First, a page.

Tomas Puusepp, Executive Director of the Board of Elekta and its former CEO, recently visited the Foundation and shared his experience in providing an emerging technology (the Gamma Knife) to the patients who need it. His thoughts on taking risks, competition, and overcoming barriers provide many valuable insights that apply to focused ultrasound.

When Puusepp joined Elekta in 1988, it was a $5 million company with a staff of 22—today it has $1.5 billion in revenue and 4,000 employees. With a background in electrical engineering and physics, he advanced through the management ranks within Elekta to serve as President and CEO from 2005 through April 2014.

tomas-puusepp

“As long as you capitalize on change and are ahead of the curve, you can succeed.”—Tomas Puusepp

Puusepp recognizes the benefit of a foundation in supporting technology. “It took decades for the Gamma Knife to become a standard of care. However, after we established the Leksell Gamma Knife Society, we gained traction much faster. If an organization similar to the Focused Ultrasound Foundation existed for advancing stereotactic radiosurgery from the start, this time would have been much shorter.”

Puusepp sees parallels between the path of the Gamma Knife and the development of focused ultrasound. “But today the barriers are higher, competition is harder, and healthcare economics are changing. These changes bring opportunities,” he said, adding, “Successful endeavors often impact the rules rather than just follow them. Developing disruptive technologies takes more risks than just following the group.”

Growing medical device companies can benefit from the three key tips offered by Puusepp:

  1. Invest in champions to create evidence and spread support. In the early days at Elekta, we developed a strong relationship with leading institutions such as the University of Virginia under the leadership of Neal Kassell and his team. Neal was passionate about the technology and helped build his career on developing the gamma knife into a treatment option.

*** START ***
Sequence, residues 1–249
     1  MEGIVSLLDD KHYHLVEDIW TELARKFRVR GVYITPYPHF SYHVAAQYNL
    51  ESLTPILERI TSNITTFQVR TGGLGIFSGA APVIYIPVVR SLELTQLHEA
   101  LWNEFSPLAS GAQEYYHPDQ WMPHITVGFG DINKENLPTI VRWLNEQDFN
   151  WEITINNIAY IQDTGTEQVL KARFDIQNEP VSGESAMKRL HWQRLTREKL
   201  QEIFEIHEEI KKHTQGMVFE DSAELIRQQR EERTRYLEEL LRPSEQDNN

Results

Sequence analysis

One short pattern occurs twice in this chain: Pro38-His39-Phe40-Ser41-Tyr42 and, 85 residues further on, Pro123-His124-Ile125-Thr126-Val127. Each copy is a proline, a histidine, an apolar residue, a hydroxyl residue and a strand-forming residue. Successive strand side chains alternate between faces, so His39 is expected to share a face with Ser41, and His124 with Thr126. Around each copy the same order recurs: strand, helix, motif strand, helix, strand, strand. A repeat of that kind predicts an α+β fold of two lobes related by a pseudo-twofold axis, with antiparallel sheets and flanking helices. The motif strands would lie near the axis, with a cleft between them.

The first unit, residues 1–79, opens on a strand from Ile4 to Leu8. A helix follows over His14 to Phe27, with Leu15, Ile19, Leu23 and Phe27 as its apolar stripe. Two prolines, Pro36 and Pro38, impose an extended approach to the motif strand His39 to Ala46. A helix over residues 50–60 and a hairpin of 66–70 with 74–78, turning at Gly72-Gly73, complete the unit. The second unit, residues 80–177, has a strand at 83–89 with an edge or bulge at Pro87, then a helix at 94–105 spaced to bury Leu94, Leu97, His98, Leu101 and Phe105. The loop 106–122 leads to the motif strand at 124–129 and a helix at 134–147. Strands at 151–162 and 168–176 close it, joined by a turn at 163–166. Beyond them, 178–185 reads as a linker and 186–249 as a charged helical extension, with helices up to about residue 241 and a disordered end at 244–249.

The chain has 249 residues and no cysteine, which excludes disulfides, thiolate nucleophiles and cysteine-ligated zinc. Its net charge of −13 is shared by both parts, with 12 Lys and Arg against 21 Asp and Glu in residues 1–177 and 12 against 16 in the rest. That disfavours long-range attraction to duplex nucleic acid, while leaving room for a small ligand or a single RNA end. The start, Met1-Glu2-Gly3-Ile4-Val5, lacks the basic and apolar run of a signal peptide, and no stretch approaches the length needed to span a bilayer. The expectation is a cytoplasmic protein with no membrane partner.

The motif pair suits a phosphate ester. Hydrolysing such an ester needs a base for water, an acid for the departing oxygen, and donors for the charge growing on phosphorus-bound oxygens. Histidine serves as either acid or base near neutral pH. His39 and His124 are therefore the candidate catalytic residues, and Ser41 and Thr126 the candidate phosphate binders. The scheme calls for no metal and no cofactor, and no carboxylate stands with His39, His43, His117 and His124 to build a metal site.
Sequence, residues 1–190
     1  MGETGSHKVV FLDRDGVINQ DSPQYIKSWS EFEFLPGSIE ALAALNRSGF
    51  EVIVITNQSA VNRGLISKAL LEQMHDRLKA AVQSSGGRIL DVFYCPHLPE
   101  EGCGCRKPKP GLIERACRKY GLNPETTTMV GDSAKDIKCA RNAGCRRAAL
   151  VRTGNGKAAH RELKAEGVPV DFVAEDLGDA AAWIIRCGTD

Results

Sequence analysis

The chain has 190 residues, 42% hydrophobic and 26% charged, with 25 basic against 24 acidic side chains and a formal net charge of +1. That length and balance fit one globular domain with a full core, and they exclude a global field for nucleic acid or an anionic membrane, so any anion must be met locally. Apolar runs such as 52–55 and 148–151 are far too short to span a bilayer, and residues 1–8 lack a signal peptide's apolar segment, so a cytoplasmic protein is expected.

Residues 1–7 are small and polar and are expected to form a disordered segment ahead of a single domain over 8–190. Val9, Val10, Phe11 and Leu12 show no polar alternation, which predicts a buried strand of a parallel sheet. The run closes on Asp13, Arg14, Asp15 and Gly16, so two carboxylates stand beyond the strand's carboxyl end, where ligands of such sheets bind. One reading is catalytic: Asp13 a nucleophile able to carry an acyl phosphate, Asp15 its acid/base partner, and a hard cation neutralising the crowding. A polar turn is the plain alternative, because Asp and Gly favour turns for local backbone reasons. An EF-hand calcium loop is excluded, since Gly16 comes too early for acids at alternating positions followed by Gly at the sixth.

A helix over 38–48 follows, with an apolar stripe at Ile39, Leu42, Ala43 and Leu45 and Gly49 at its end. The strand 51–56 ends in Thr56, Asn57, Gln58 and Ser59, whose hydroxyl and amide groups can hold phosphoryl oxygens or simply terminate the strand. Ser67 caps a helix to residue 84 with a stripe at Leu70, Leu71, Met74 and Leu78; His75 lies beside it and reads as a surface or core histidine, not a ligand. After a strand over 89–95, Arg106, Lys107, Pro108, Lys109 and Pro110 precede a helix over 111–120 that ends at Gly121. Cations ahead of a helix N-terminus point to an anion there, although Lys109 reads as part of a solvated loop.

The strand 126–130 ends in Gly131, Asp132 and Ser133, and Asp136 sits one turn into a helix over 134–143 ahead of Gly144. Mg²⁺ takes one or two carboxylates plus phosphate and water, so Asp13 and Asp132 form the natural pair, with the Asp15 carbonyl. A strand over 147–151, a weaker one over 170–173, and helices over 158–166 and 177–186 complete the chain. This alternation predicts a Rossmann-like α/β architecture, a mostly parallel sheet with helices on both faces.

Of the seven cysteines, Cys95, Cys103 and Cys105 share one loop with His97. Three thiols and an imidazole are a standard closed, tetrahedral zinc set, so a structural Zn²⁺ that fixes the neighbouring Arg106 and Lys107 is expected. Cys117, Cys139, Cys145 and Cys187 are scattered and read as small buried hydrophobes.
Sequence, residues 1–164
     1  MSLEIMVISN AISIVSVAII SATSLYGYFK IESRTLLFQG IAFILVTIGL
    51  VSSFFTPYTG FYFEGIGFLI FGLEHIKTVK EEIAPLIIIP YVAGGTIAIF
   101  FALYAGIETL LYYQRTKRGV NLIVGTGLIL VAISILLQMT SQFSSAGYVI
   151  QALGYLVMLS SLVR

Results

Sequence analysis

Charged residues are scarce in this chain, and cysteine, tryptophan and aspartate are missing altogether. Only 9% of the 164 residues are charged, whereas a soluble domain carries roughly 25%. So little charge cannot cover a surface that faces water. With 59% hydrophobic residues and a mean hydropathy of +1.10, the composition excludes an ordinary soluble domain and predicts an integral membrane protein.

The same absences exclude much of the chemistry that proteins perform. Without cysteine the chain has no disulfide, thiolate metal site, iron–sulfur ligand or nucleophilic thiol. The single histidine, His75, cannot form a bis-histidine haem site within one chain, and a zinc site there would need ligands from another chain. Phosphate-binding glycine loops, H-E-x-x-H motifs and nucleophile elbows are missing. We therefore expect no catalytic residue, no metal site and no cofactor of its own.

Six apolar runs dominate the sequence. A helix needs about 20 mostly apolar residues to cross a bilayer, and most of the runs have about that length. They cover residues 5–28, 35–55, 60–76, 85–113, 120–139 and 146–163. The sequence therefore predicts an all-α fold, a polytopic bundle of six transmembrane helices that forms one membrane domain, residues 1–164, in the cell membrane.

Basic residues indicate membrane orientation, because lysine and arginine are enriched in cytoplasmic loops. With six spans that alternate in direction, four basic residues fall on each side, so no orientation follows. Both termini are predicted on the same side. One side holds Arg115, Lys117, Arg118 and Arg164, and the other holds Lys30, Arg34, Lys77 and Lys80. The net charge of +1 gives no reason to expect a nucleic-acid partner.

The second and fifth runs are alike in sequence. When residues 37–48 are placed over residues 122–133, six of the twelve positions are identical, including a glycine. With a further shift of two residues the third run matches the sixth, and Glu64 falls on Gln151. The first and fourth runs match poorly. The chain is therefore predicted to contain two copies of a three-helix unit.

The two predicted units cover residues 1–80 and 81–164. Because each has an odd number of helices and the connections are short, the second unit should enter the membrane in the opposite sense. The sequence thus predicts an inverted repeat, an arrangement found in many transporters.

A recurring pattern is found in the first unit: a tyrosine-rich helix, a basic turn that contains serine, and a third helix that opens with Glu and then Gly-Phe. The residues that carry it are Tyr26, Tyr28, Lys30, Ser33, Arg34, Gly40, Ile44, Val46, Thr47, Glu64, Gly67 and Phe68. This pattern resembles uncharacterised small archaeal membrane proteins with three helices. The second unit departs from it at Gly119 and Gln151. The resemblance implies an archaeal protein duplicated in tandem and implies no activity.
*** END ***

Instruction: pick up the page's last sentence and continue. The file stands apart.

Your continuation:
2. More data through informatics allows for solutions, not just the development of a technology. Collect and distribute data to help contribute to the success of your users and their patients, and possibly even open up new streams of revenue based on value.
  3. The group that is prepared to take the extra step to influence the environment and not take no for an answer will be the group that succeeds.

Puusepp praised the positioning of the Foundation, stating, “The role of the Foundation is critical. It’s a wonderful model because it is independent.” He encourages the Foundation to continue to push the community to take risks and do things that others won’t do, adding, “Neal questions and challenges a lot, and that’s good. It takes a big drive and a lot of guts. If the Foundation and the focused ultrasound community can sustain the energy level to continue their work, mankind will ultimately benefit.”

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